• Diana De Jesus

What is Customer Success Management? From a Customer Success Manager's Point of View

⚠️If you're looking for a scholarly answer, this post ain't it! ⚠️


I'm not even going to pretend that I have all the answers here. In fact, just the idea of writing this post about this topic makes my knees weak.


All that aside, this post needs to be written! "What is Customer Success Management?" is incredibly vague but being as how this blog is here to help people get into Customer Success, I figured I share what it is from a CSMs perspective.


Here are three things I want to focus on in this post:

  1. Defining Customer Success

  2. The balance between strategic and tactical in Customer Success

  3. Putting your fortune-teller abilities to the test as a CSM


Defining Customer Success


Let's be clear here –– Customer Success is different from company to company and industry to industry. I work directly with Customer Success teams every single day and there's not one company that exactly mirrors another company's CS structure and/or processes.


Regardless of the differences, they all have one single thread in common. They are responsible for the customer post-Sale. Once the ink dries on the contract, the Customer Success team is there to take them from "I hope this works" to "Wow, this really works!".


Customer Success after the sale can look like a lot of different things. It can be a CSM that takes the customer and onboards them, maintains the long-term relationship, and also manages all upsell/expansion/cross-sell opportunities as well as the renewal.



gif

I've done that type of CS work before and let me tell you, it's A LOT of work!


You can also have a CS structure where you have an Implementation team who onboards the customer and then the CSM handles everything from there. Or a structure where you have an Implementation team and a Renewals Manager that helps with revenue motions.


The composition of your Customer Success structure defines the type of work you'll do as a CSM. But the point will always be this:


If we can imagine the customer journey being a cross-country road trip, the customer is the driver and we're basically the passenger with a map in hand.
Yeah, the customer could do without us but without our direction, they'll likely encounter a lot of mishaps or worse, never make it to their destination. The main purpose of Customer Success is to serve as the strategic partner on the customer's journey to realizing the value they were after with the product/service purchased.

The balance between strategic and tactical in Customer Success


You wanna know the hardest part of being a CSM after being in Customer Support? The mindset.


In Support, you're trained to solve. Solve. SOLVE!


That mindset is so detrimental to Customer Success. If you're solving all of the time, you're not focusing on being strategic.


I've learned this one the hard way. There's a concept called success plans in Customer Success. They help you align with the customer on their goals and how you, as the CSM, plan on getting them there. I created a few success plans with my customers but they just weren't strategic or tailored.


The strategy I had in place wasn't what the customer wanted and I never brought up the success plan again. Instead, I was focusing on their immediate needs.


Calls were turning into a town hall for feature requests, customers reached out when they had a problem and I wasn't prioritizing their needs accordingly. All because the success plan wasn't strategic and it was on the backburner.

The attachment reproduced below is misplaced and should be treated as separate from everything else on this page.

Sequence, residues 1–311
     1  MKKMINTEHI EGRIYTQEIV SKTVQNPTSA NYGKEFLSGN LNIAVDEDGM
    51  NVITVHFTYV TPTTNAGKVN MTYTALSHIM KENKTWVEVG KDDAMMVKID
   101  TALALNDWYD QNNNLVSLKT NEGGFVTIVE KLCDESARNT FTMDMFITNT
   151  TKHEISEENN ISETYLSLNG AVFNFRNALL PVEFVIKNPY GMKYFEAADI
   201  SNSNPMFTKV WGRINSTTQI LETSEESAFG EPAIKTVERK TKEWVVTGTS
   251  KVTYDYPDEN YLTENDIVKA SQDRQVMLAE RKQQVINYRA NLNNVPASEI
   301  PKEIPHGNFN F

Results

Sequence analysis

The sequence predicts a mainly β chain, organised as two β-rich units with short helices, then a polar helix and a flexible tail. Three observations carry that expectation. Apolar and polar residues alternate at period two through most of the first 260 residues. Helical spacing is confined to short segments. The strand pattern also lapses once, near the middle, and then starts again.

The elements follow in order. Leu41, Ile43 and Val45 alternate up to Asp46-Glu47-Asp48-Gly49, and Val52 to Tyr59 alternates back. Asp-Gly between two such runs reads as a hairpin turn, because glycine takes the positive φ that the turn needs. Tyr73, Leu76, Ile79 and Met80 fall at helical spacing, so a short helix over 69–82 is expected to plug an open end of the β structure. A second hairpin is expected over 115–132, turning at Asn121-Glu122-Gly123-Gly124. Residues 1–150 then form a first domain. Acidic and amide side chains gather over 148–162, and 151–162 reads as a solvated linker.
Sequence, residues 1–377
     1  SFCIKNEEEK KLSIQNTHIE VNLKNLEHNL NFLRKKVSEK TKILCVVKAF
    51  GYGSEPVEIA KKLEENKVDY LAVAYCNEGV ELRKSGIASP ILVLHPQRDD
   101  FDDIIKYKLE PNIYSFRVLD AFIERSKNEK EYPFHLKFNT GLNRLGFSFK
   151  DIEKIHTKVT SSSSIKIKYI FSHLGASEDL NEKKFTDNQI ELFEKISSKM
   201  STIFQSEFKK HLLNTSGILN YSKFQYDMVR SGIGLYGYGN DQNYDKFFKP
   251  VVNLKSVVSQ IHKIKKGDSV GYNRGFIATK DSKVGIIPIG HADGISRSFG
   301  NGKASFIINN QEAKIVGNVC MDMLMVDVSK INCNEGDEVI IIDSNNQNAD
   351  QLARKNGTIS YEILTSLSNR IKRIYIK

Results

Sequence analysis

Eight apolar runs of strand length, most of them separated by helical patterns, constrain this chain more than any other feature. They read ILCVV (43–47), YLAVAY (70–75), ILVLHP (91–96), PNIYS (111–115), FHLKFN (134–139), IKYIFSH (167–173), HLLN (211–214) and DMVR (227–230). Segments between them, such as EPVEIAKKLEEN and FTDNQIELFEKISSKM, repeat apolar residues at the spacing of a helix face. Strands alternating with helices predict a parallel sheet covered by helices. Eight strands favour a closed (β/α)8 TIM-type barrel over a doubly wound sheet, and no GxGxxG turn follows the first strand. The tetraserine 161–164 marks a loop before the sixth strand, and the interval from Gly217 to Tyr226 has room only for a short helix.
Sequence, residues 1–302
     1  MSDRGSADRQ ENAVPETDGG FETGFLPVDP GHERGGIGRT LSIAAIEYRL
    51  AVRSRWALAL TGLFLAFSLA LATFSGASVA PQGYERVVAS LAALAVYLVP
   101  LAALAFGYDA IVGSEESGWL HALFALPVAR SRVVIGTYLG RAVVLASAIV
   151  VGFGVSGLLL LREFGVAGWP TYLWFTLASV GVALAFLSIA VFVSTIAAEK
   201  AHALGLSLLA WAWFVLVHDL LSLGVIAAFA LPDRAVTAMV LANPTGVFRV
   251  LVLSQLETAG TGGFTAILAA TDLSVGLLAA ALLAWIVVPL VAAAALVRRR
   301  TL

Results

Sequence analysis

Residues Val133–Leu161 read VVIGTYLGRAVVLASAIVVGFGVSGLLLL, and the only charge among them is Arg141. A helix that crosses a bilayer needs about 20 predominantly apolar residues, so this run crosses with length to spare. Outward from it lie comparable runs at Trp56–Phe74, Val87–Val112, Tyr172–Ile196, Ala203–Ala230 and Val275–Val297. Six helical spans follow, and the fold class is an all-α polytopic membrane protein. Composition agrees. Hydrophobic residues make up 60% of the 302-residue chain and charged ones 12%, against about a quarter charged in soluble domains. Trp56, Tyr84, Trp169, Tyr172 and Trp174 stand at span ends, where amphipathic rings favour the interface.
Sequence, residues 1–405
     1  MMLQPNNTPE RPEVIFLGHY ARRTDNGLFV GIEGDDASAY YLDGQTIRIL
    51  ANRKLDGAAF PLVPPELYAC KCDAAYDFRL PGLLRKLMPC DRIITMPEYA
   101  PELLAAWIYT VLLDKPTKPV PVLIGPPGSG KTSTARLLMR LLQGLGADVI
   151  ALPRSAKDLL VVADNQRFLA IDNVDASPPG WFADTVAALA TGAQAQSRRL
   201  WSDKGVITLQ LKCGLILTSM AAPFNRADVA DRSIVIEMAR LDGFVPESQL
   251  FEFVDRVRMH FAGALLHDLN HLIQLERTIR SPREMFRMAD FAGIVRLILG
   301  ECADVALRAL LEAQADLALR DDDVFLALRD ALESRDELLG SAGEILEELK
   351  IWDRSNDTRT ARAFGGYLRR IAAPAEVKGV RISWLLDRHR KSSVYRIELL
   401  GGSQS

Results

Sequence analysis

I was in the weeds.


I had to recognize that I was just going in circles with my customers and I needed to understand their goals, their workflows, the things that kept them up at night. So I started having calls to get these answers that would pave the way to a success plan that aligns with their goals and pain points.


After having a success plan like this in place, it's easy to say:


"Here are your goals, where does this feature request sit within your goals?"


Instead of taking their requests at face value.


Telling a story


Something else that's challenging when you're not being strategic with a customer is the ability to tell the story of where they were and what you helped them achieve.


Customer Success is a sell and sell again motion so it's not like you deliver value this once and boom, renewal signed! Setting the strategy and helping the customer execute is something you can take to the bank when the time is right.


Putting your fortune-teller abilities to the test as a CSM


You could be sending agendas ahead of time.

Wishing your customers a happy birthday.

logging every feature request.

Showing up to every call prepared.


But if you're not seeing the future, you're not being a CSM.


You've probably heard the buzzword "proactive". It's a luxurious lifestyle that every CSM aspires to live.


When I think about being proactive as a CSM, I think about establishing relationships with multiple stakeholders. I think about recommending things before they ask. Keeping an eye on those leading indicators and proposing what to do next. It's catching those at-risk red flags that can save an account.


All of this requires eyes behind your head or a strong platform (like Catalyst) to help bring all of these important changes to your attention.


So while you're busy acting on the strategy, wrestling with your unruly inbox, communicating with other teams on Slack, and putting together presentations... you also have to make space to be proactive.


To wrap up


You'll hear about nuances in Customer Success. The QBRs or EBRs, the monthly calls, the KPIs, all of this is also part of the job. They're all checkpoints and destinations on your customer journey cross-country road trip you're on with them 🙃


189 views0 comments